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Feature Story November 4, 2005
Felgenhauer-Gate: Moscow Times editor drops the censored stamp on its own Russian dissident
By Jake Rudnitsky Browse author Email

Lynn Berry, the editor of the Moscow Times, doesn't want you to read this: or at least I assume that's why, when I called her about this story, she repeatedly answered "No comment," "No comment," and "I have no comment." I thought I was talking to "Scooter" Libby, but no, it was just Lynn, the ambitious, bony, 40-something editor.

Berry was installed as the unthreatening editor - some say editor-for-life - at the MT in 2001 after Independent Media's vertically-challenged publisher Derk Sauer squeezed out earnest leftie Matt Bivens for his fearlessly critical coverage of the Chechen war campaign. The precise phrase Derk used after a December 2000 police raid on Independent Media to admonish then-editor Bivens was, "Tighten up the Chechnya reporting." Eventually, Bivens was put out on the pasture to make way for the more accommodating Berry, and the MT has since been very careful about how many waves it wants to make, and towards whom.

Now, it's Lynn's turn in the spotlight, after a scandal erupted with one of her longest-standing columnists, defense analyst Pavel Felgenhauer. And she didn't like it. In fact, just about the only thing I could get her to comment on was when she told me she'd really appreciate me not using the "off the record" email correspondence with Felgenhauer that he sent to me. But, sorry, Lynn, no-can-do! Maybe it's time for a quick refresher course on the old J-School Rules - all that complacency while overseeing the MT has made you rusty.

See, while we here at the eXile keep things off the record if they're told to us in confidence, there's nothing in the Rules that says we can't use material that's been leaked to us. If you tell us something off the record, that's one thing, but we're not responsible for making sure other people won't tell us things you told them. And if they tell us something that you'd appreciate us not using, well, we're not after your appreciation. We're professionals here.

But, let's take a step back for a minute - what is it, exactly, that has Berry's panties all up in a knot?

Two weeks ago, a major scandal erupted on Johnson's Russia List, the influential internet list serving Russia scholars, journalists and wonks both in America and abroad. In JRL #9271 on October 19, Felgenhauer accused Berry and the MT of pro-Kremlin censorship because they didn't run his latest column. "Berry decided not to publish my regular column this week that was filed Sunday and was about the tragedy in Nalchik," Felgenhauer wrote on JRL. "But the story is, I believe, more important than a simple clash of opinion between editor and columnist."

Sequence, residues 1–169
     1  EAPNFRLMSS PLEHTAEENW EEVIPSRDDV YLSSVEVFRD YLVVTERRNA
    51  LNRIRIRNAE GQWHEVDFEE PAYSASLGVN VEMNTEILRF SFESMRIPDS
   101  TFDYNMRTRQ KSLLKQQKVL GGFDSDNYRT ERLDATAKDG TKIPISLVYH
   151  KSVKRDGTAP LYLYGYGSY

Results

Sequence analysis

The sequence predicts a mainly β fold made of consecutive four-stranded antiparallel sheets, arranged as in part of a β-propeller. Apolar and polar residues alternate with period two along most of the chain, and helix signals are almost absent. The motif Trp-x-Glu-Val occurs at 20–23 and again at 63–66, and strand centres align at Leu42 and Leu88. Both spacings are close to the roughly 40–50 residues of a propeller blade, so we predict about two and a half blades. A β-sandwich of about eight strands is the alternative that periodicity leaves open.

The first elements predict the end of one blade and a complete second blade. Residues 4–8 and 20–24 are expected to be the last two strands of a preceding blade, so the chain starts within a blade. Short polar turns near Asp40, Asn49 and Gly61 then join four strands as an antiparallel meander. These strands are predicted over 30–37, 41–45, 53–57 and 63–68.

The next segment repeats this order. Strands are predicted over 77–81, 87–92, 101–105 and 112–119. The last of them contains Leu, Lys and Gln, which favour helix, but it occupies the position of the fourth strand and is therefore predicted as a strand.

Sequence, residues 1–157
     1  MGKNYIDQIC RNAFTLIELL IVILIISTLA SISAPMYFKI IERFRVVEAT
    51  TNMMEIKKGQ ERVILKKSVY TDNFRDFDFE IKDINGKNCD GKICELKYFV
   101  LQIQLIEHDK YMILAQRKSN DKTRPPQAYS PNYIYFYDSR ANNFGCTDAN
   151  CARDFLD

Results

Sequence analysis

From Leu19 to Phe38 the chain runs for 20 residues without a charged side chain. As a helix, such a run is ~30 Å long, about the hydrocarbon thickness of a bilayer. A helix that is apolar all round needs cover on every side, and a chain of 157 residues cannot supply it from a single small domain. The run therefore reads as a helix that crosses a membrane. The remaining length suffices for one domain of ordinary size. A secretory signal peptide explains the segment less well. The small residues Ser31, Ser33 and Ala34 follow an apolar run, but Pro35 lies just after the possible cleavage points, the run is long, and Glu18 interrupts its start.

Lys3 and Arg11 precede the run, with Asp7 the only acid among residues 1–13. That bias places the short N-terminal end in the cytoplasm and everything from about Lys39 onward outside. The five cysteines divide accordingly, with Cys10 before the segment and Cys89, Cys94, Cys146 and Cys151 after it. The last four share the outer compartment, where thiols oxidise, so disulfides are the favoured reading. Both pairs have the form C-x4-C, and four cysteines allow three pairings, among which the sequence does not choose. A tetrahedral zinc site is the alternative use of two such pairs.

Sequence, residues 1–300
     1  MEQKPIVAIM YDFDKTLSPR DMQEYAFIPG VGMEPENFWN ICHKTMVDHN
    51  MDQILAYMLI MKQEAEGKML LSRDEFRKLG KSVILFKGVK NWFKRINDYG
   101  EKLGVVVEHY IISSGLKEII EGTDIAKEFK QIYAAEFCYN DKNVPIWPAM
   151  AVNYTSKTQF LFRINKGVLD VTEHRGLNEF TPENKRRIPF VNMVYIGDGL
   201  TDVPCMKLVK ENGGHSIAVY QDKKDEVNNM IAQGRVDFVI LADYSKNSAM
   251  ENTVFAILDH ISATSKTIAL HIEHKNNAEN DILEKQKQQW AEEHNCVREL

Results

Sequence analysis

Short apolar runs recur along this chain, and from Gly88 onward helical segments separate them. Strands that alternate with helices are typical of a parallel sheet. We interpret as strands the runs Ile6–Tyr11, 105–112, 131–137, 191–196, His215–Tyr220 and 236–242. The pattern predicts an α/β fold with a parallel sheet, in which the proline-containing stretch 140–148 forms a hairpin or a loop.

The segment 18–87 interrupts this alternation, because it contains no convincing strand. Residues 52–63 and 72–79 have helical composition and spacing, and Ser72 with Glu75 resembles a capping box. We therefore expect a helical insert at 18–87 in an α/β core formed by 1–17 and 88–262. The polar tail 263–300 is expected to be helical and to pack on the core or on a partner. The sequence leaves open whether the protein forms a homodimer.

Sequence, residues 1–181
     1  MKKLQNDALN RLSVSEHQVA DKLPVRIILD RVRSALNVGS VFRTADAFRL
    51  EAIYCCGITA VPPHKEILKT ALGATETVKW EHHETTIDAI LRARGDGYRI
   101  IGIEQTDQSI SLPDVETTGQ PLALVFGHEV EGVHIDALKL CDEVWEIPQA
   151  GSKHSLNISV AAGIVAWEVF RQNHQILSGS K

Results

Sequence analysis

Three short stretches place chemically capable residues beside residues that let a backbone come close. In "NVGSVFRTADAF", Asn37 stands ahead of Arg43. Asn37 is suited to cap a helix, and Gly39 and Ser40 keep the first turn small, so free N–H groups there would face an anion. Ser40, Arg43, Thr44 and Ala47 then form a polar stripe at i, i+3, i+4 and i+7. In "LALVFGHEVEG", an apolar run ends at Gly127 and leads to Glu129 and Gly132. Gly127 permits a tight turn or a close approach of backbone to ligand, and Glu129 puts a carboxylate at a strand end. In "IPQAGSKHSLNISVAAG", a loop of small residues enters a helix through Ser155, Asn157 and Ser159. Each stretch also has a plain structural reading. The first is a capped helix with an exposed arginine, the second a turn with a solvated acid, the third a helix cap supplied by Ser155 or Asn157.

Nalchik was another flare-up in the unending North Caucasus mess, where a group of up to 200 rebels launched simultaneous attacks on several strategic sites on October 13. It was initially reported like another Beslan, where Chechen terrorists captured a school last year and 344 civilians were killed, including 186 kids. Compared to that, Nalchik almost looked like a victory, with only 14 civilians and 35 security officers dead, as well as some 89 rebels. However, Nalchik differed from other terrorist attacks in that civilian targets were never targeted and the rebels were mostly local. According to reports, the rebels were neither well-trained nor coordinated, which is why they were cut down so easily.

Berry on Nalchik: Nothing is fucked

Felgenhauer's axed column argued that the Kremlin version of events in Nalchik was warped and contradicted common sense, and that there was evidence that there might have been zachistki, or the notorious "mopping-up" operations, after the rebels' initial failed attack. After all, a 3:1 kill ratio in favor of the security forces with few civilian casualties contradicts what we know about urban war, especially in Russia, where things tend to be very sloppy. He also argued in his spiked column that Putin has in the past supported a heavy-handed policy in the North Caucuses that includes "constantly kidnapping and massacring civilians, including women and children to terrorize local populations" and had signaled his intent to stay the course in a televised meeting with security heads after Nalchik, in which he wrote, "We have acted ruthlessly, and will continue to do so in the future."